has not been able to combine styling, accurate fit and size based on
peoples' specific measurements. If our customers tell us they like
this, we could see real business benefits, not only with more people
opting to shop online for clothing, but also helping to reduce
returns, commonly caused by people ordering the wrong size" (Ref
9). Tesco ran online tests with control and variant samples to
measure the effect of Metail technology on the interest-to-sale
conversion rate and the product return rate. The benefits of Metail were
clear. In 2012, CEO and Senior Executives at Tesco gave it Tesco's Best
Online Innovation Award (Ref 7). Tesco moved to contract with Metail and
the strapline on Tesco's Virtual Fitting Room Facebook page became: "We're
delighted to let you know that the F&F Virtual Fitting Room has
been so successful on Facebook that we have made it part of our main
website!" (Ref 10).
Warehouse signed a long-term deal with Metail in January 2012
and has stated, "We're hearing feedback from customers who are
saying, 'I love this' and 'This is really exciting.' It's been really
positive" (Ref 11).
Shop Direct publicly endorsed Metail at the Internet Retail
Expo in Birmingham in 2013, when Paul Hornby, Head of eCommerce for Shop
Direct, described the use of Metail in an experiment on the
www.very.co.uk website at the end of 2012. The experiment was to measure
the effect of Metail on sales of 150 product lines. Shop Direct's main
objective was to reduce product return rates, but was pleased to see
that it also increased sales conversion rates by 0.4%. Paul Hornby
stated, "It also reduced returns by half a percent. Now, half a
percent doesn't sound massive in comparison to some of the numbers
that you will hear, but we sell thousands and thousands and thousands
of items every single day and if I can reduce returns on all of them
by half a percent, I'm happy with that, so this, for us, was a big big
deal" (Ref 12). Shop Direct has contracted with Metail (Ref 7).
Zalando, a Germany-based international retailer, has invested
in testing Metail's virtual dressing room on its live site for an
estimated 200 product lines from its own brands with the aim of reducing
product returns (Ref 13).
Dafiti, South America's fastest growing online fashion
retailer, is trialling Metail (2013) with a view to adopting the
technology (Ref 7).
In addition, the television broadcaster ITV has partnered with Metail to
support the fashion segment, "Takeover the makeover", in its live
programme, "This Morning", which is broadcast every weekday. The Metail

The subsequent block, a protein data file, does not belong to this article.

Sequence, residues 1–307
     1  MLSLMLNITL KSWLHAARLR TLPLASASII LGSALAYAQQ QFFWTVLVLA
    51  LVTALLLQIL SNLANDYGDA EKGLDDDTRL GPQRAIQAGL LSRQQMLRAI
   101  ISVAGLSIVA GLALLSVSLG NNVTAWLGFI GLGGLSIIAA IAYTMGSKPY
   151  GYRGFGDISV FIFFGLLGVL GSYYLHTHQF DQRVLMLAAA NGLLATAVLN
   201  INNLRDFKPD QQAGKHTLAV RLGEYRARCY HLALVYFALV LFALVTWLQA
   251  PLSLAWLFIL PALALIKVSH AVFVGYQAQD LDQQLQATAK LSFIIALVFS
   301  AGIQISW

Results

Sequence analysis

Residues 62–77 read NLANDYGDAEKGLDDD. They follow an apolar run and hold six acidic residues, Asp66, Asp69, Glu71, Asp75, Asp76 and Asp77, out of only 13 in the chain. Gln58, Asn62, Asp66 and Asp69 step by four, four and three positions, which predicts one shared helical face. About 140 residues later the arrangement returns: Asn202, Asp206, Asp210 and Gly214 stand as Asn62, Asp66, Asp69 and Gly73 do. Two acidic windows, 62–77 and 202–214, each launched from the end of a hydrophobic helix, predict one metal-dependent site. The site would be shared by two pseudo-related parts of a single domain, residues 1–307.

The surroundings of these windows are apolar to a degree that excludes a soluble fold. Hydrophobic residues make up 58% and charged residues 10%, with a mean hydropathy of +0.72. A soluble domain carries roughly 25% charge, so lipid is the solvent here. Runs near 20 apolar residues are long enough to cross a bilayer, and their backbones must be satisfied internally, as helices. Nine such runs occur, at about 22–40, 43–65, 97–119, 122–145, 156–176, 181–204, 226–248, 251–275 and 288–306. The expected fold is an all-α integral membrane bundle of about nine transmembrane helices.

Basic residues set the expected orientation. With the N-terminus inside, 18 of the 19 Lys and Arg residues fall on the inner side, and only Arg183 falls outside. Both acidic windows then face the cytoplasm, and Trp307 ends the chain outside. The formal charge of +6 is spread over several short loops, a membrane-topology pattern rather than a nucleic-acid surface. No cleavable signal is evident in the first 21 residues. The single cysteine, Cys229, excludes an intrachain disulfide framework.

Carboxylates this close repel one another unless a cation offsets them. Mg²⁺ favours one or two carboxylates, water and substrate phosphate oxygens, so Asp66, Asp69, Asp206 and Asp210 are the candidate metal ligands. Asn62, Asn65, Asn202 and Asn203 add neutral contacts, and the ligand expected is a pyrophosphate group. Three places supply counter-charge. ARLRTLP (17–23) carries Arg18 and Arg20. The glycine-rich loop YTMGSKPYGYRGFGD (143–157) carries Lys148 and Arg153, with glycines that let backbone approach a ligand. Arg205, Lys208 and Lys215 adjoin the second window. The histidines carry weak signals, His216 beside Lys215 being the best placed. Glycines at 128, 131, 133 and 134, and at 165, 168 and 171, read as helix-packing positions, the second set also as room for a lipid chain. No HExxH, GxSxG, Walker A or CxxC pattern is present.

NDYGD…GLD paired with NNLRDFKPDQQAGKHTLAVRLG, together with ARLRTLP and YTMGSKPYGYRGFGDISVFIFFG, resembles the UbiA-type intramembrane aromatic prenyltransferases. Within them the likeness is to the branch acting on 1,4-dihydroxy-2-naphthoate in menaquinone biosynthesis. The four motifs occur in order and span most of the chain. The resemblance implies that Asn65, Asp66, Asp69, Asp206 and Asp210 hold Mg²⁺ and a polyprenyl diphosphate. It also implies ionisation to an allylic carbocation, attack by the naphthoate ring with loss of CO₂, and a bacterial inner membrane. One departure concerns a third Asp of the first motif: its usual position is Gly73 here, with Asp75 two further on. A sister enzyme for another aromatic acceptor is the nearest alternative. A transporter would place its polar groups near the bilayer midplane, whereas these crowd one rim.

system has featured on the programme since December 2012. A guest in the
studio uses Metail to view clothing options and the audience can
participate interactively at home by offering advice. The show has
generated over 20,000 user outfit submissions per show during the live
hour and more than 10,000 `forwards' to the retailer's webpage per show
(Ref 7 and 14).
Sources to corroborate the impact
The following people have given their permission to be named in the case
study and may be contacted by reviewers to corroborate information about
- Tom Adeyoola, Chief Executive Officer, Metail (business model,
investment, sales) (permission given to name)
- Duncan Robertson, Chief Scientific Officer, Metail (technology
employed by the business) (permission given to name)
The following sources also corroborate the account:
- "Tesco launches virtual 3D fitting room", Ed Owen, Marketing, 28
- Tesco F&F Virtual Fitting Room page on Facebook (2013),
- "3-D Tech Lets Online Shoppers 'Try on' Clothes", Gwen Moran,
Entrepreneur, 12 May 2013, www.entrepren
eur.com/article/226091#ixzz2bTCfmKpP (originally published in the
print edition as "A Perfect E-fit" in April 2013).
- "Building trust", a presentation by Paul Hornby, Head of eCommerce,
Shop Direct Group, given on 26 March 2013 at the Internet Retailing Expo
in Birmingham, 26-27 March 2013, www.internetretailingexpo.com/the-eseller-theatre-conferences/
- "Virtuelle Umkleidekabinen: Zalando testet Metail", CX-Commerce, 11
January 2013, http://cx-
- "Brilliant! Get me dressed, Metail" Teresa Novellino, Upstart Business
Journal, 13 December 2012, http://upstart.bizjournals.com/companies/rebel-brands/2012/12/13/fashion-fitting-startup-